{"d":{"Platform":"native","Seq #":3,"Uptime (sec)":2004790,"Def Route":"fd00::1","RSSI (dBm)":0}}
{"d":{"Platform":"native","Seq #":4,"Uptime (sec)":2004820,"Def Route":"fd00::1","RSSI (dBm)":0}}

Switch to the mosquitto broker console. The broker's debugging output will show you corresponding information:

1524858389: New connection from fd00::302:304:506:708 on port 1883.
1524858389: New client connected from fd00::302:304:506:708 as d:contiki-ng:mqtt-client:010203060708 (c1, k24464, uuse-token-auth).
1524858389: Sending CONNACK to d:contiki-ng:mqtt-client:010203060708 (0)
1524858389: Received SUBSCRIBE from d:contiki-ng:mqtt-client:010203060708
1524858389: 	iot-2/cmd/+/fmt/json (QoS 0)
1524858389: d:contiki-ng:mqtt-client:010203060708 0 iot-2/cmd/+/fmt/json
1524858389: Sending SUBACK to d:contiki-ng:mqtt-client:010203060708
1524858419: Received PUBLISH from d:contiki-ng:mqtt-client:010203060708 (d0, q0, r0, m0, 'iot-2/evt/status/fmt/json', ... (97 bytes))
1524858419: Sending PUBLISH to mosqsub/5439-IT000519.l (d0, q0, r0, m0, 'iot-2/evt/status/fmt/json', ... (97 bytes))

Run on an embedded device

You can run the same example on various embedded platforms too, such as zoul- or CC26x0/CC13x0-based ones. The example will work off-the-shelf for those platforms.

Firstly, you will need establish network communication between your 6LoWPAN mesh and the device that hosts your mosquitto MQTT broker. You will need a border router to achieve this, see the corresponding guide if uncertain how to achieve this.

Build the example for your device and program your device with the corresponding firmware. Once the device has connected to the mesh network, it will try to connect with an MQTT broker running at address fd00::1. If you have correctly set up your border router, your device should already have an interface with this address. Once the MQTT connection has been established, the device will start publishing periodically, in a fashion similar to what is shown above.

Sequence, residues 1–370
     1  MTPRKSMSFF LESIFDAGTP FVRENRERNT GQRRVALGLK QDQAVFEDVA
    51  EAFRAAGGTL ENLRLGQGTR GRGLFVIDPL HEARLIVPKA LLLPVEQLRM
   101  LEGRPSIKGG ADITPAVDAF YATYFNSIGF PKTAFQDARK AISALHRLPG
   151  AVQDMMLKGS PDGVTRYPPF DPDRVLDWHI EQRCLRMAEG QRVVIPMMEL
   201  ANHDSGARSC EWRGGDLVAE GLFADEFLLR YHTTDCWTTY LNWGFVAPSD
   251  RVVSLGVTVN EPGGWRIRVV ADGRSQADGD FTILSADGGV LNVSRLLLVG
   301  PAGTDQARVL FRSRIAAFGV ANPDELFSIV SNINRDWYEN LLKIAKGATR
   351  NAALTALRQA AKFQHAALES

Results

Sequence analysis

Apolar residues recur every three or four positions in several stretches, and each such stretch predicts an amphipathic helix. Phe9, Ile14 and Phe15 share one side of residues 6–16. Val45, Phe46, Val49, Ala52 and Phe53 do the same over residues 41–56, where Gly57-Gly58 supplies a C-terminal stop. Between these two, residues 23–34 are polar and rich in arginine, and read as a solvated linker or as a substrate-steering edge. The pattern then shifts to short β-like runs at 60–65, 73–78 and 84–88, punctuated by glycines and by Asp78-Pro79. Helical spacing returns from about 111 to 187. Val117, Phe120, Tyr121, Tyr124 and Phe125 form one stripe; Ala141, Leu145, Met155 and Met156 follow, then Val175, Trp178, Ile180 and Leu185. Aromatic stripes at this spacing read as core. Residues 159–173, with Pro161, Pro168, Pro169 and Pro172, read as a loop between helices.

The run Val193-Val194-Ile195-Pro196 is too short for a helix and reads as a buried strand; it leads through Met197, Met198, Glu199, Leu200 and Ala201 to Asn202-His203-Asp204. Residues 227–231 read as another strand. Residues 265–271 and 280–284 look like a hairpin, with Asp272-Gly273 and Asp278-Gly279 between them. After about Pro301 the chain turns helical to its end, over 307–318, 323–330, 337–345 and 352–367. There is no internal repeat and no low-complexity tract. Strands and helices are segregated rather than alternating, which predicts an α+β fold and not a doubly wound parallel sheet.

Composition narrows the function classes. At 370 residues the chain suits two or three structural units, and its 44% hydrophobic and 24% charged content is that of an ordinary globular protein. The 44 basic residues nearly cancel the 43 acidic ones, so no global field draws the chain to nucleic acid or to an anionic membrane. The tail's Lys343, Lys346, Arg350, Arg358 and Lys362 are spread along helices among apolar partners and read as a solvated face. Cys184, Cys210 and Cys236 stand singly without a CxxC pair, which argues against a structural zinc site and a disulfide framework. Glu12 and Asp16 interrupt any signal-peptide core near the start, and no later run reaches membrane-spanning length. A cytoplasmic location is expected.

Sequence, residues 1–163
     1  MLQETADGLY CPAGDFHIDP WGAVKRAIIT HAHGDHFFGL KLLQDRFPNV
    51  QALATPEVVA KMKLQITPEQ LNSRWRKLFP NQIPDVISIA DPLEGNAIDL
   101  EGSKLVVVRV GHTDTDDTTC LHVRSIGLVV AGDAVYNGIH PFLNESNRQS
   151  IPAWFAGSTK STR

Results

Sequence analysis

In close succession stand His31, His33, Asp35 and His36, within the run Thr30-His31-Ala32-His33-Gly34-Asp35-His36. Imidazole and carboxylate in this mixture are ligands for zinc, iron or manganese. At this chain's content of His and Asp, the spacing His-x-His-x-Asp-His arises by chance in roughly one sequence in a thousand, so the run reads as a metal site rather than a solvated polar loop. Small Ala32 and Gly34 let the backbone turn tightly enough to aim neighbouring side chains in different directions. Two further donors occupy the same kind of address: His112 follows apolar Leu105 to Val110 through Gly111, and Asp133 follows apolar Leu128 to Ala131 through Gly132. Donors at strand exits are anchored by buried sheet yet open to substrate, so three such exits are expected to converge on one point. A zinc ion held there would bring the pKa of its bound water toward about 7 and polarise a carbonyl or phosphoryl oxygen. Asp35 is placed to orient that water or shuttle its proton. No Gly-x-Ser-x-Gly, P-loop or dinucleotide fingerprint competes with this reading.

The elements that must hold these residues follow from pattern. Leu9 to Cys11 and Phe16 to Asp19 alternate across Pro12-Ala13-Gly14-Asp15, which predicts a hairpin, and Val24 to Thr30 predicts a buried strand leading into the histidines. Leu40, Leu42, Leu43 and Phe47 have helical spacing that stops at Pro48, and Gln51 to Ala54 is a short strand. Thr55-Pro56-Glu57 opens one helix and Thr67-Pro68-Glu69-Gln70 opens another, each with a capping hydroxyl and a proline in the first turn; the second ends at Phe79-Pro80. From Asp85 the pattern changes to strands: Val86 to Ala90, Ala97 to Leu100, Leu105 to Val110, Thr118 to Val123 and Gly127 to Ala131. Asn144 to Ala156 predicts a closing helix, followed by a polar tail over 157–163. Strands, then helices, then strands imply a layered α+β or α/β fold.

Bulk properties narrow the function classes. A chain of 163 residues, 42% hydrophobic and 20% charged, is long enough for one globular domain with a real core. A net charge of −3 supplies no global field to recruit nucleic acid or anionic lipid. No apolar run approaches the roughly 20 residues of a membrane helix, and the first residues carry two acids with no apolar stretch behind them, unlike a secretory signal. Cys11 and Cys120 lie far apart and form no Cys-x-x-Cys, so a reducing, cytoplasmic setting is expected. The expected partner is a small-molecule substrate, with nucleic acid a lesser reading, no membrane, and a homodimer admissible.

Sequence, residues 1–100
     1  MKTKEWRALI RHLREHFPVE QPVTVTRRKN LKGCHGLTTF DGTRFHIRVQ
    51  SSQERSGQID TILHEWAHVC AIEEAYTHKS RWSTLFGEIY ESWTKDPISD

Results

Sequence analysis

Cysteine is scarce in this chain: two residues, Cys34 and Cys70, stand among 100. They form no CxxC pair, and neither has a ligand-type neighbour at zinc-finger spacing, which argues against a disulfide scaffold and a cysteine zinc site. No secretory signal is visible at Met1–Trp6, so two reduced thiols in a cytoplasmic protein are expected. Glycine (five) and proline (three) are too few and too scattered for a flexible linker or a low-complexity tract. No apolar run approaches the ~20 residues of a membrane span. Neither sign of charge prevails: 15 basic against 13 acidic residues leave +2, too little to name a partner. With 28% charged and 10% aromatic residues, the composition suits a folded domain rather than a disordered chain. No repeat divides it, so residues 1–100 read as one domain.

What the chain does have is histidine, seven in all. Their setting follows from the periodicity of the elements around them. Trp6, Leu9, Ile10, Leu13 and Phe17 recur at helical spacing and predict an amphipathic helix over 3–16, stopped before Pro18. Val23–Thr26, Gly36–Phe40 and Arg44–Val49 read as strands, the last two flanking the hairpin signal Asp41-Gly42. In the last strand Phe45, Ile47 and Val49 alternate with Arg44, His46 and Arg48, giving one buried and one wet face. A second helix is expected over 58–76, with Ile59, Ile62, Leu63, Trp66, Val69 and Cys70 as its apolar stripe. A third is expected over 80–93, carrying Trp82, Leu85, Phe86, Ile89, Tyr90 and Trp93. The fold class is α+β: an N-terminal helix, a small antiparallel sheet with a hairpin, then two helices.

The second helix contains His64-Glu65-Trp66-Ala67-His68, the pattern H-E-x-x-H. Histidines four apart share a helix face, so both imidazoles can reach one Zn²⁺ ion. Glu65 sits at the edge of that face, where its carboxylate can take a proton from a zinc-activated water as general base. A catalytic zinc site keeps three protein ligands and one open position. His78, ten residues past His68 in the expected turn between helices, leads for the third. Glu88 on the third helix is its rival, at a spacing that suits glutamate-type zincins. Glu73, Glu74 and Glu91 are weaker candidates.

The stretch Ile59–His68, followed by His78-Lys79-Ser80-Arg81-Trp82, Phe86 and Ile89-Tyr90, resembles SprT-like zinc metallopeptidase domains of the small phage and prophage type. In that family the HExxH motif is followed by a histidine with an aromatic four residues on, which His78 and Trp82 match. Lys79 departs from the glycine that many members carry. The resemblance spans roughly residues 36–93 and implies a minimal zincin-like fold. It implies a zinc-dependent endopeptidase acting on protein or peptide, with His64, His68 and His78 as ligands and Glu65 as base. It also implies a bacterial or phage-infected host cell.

Control your device using MQTT subscriptions

This functionality only supports MQTT QoS 0.

The MQTT client will also subscribe to topic iot-2/cmd/leds/fmt/json.

Using a terminal window, you can use mosquitto_pub to send a publish message to this topic in order to control your device.

mosquitto_pub -h localhost -t iot-2/cmd/leds/fmt/json -m "1"

If your device has leds, the red one will blink! If you built the example with logging level set to debug (in mqtt-client.c), you will see something like this in the device's output:

[DBG : mqtt-client] Application received publish for topic 'iot-2/cmd/leds/fmt/json'. Payload size is 1 bytes.
[DBG : mqtt-client] Pub Handler: topic='iot-2/cmd/leds/fmt/json' (len=23), chunk_len=1

Use with the IBM Watson IoT platform

The example is written such that it will also work with the Watson IoT platform. Firstly you will need to make sure your device can communicate with the IPv4 Internet. To achieve this, you will likely need to set up NAT64 as per this guide.

You will then need to configure the example such that it attempts to use the Watson functionality. Edit the example's project-conf.h and delete the definition of MQTT_CLIENT_CONF_BROKER_IP_ADDR.

/* If undefined, the demo will attempt to connect to IBM's quickstart */
#define MQTT_CLIENT_CONF_BROKER_IP_ADDR "fd00::1"

By default, the example will attempt to use the quickstart service. In this mode of operation, the device will not subscribe to any topic. It is possible to get the device to use the full version of the IoT platform, but at the time of writing this guide this can only be done by changing the example's source code. Note that you will need to configure your Organisation / Registered device on Watson such that TLS is optional. Note that your device's authentication token will be transported in cleartext!